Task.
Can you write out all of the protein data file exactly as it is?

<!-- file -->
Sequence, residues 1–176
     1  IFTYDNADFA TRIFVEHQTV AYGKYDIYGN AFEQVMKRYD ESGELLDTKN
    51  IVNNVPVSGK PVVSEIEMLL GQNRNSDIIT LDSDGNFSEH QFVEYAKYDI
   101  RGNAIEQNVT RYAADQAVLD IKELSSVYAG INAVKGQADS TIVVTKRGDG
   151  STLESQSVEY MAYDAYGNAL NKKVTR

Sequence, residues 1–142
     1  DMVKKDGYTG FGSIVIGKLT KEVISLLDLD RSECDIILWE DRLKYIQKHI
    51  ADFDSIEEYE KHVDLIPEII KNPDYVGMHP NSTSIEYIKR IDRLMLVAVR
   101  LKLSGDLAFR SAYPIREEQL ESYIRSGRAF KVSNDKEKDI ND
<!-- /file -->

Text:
Sequence, residues 1–176
     1  IFTYDNADFA TRIFVEHQTV AYGKYDIYGN AFEQVMKRYD ESGELLDTKN
    51  IVNNVPVSGK PVVSEIEMLL GQNRNSDIIT LDSDGNFSEH QFVEYAKYDI
   101  RGNAIEQNVT RYAADQAVLD IKELSSVYAG INAVKGQADS TIVVTKRGDG
   151  STLESQSVEY MAYDAYGNAL NKKVTR

Sequence, residues 1–142
     1  DMVKKDGYTG FGSIVIGKLT KEVISLLDLD RSECDIILWE DRLKYIQKHI
    51  ADFDSIEEYE KHVDLIPEII KNPDYVGMHP NSTSIEYIKR IDRLMLVAVR
   101  LKLSGDLAFR SAYPIREEQL ESYIRSGRAF KVSNDKEKDI ND